Syrian forces fired teargas to disperse a pro-democracy protest in Damascus on Friday and several thousand people in the southern city of Deraa called for the overthrow of President Bashar al-Assad, witnesses said.
Activists also reported demonstrations in the Damscus suburb of Douma and in the eastern towns of Deir al-Zor and Qamishli, despite Assad's decision on Thursday to lift emergency law, a central demand of the month-long protests.
A witness told Reuters by phone that security forces fired teargas from a flyover overlooking Midan, a district just outside the walls of Old Damascus.
"There were over 2,000 protesters and now hundreds have re-grouped," the witness said. Chants of "the people want the overthrow of the regime", the rallying cry of Arab uprisings from Tunisia to Yemen, were audible in the background.
More than 220 protesters have been killed since protests erupted on March 18 in Deraa, rights campaigners say, including 21 protesters killed this week in the central city of Homs.
Ahead of the main weekly prayers on Friday, which have often proved the launching pads for major demonstrations, the army deployed in Homs and police put up checkpoints across Damascus, apparently trying to prevent protests sweeping in from suburbs.
After prayers finished in Deraa, several thousand protesters gathered chanting anti-Assad slogans. "The Syrian people will not be subjugated. Go away doctor (Assad), we will trample on you and your slaughterous regime", they shouted.
A decree Assad signed on Thursday that lifted emergency law, imposed by his Baath Party when it took power in a coup 48 years ago, was seen by the opposition as largely symbolic, since other laws still give security forces wide powers.
In the first joint statement since protests erupted five weeks ago, activists coordinating the mass protests demanded on Friday the abolition of Baath Party monopoly on power and the establishment of a democratic political system.
"All prisoners of conscience must be freed. The existing security apparatus has to be dismantled and replaced by one with with specific jurisdiction and which operates according to law," they said in the statement, which was sent to Reuters.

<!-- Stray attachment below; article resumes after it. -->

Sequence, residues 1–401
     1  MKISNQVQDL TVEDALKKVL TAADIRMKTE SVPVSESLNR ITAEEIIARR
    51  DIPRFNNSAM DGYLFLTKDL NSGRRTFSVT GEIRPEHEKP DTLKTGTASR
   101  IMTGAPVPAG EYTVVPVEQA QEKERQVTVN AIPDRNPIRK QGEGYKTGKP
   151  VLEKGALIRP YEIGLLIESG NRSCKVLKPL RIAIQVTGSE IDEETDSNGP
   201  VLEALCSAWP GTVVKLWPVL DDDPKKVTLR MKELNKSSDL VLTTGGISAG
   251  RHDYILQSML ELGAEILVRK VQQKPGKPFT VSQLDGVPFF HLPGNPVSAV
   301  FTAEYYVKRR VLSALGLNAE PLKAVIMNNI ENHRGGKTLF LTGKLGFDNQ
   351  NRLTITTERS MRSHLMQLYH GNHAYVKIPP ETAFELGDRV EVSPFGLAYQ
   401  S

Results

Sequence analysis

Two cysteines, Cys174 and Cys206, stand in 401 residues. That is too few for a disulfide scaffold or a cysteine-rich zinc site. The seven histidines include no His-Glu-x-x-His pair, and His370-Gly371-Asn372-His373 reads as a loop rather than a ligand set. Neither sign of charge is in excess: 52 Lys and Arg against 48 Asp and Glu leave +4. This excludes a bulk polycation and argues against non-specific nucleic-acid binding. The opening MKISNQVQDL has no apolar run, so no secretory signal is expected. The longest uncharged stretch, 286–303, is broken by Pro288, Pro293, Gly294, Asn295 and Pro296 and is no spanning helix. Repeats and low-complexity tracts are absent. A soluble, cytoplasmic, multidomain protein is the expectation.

Aided by his family and a pervasive security apparatus, Assad, 45, has absolute power in Syria.
"DAY OF RECKONING"
Joshua Landis, a Syria expert at Oklahoma University, said the Syrian government had "drawn a line in the sand" after offering concessions, and that Assad made clear he believed "there is no longer reason to demonstrate".
"The organisers of the revolution vowed to turn out their largest numbers yet ... They are determined to bring down the regime and understand that this is their chance," he said.
"Friday will be a day of reckoning".
A rights activist said on Thursday trucks carrying soldiers and vehicles equipped with machine guns were seen on the main highway from Damascus to Homs, a central city that has emerged as the new focal point of protests.
Soldiers in groups of five patrolled the streets of Homs on foot overnight. Plainclothes security police and others wearing camouflage uniforms were also present, two witnesses said.
A Damascus resident said police had set up checkpoints across the capital overnight, and security forces were also present at the city entrances, apparently to prevent protests sweeping into Damascus from the suburbs.
Another resident said army buses dropped security forces dressed in tracksuits on streets leading into Abbasside square.
Human Right Watch said Assad "has the opportunity to prove his intentions by allowing (Friday's) protests to proceed without violent repression.
"The reforms will only be meaningful if Syria's security services stop shooting, detaining, and torturing protesters," said Joe Stork, the group's deputy Middle East director.
Assad's conciliatory move to lift the state of emergency followed a familiar pattern since the unrest began a month ago: pledges of reform are made before Friday when demonstrations are the strongest, and are usually followed by an intense crackdown.
The authorities have blamed armed groups, infiltrators and Sunni Muslim militant organisations for provoking violence at demonstrations by firing on civilians and security forces.
Western and other Arab countries have mostly muted their criticism of the killings in Syria for fear of destabilising the country, which plays a strategic role in many of the conflicts in the Middle East.
Syria is technically at war with Israel but has kept its Golan Heights front with the Jewish state quiet since a 1974 ceasefire. It has long borders with Iraq, and supports the Palestinian Islamist group Hamas and the Shi'ite Hezbollah movement in neighbouring Lebanon, also backed by Iran.